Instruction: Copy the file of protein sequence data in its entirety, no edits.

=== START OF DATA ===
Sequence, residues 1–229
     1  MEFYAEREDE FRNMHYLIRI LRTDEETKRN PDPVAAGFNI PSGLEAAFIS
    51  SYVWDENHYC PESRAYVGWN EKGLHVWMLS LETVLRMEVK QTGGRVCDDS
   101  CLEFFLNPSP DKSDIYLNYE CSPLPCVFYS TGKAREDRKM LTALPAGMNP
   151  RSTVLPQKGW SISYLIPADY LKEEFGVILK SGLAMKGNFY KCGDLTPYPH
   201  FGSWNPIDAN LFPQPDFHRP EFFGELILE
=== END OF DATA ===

Sequence, residues 1–229
     1  MEFYAEREDE FRNMHYLIRI LRTDEETKRN PDPVAAGFNI PSGLEAAFIS
    51  SYVWDENHYC PESRAYVGWN EKGLHVWMLS LETVLRMEVK QTGGRVCDDS
   101  CLEFFLNPSP DKSDIYLNYE CSPLPCVFYS TGKAREDRKM LTALPAGMNP
   151  RSTVLPQKGW SISYLIPADY LKEEFGVILK SGLAMKGNFY KCGDLTPYPH
   201  FGSWNPIDAN LFPQPDFHRP EFFGELILE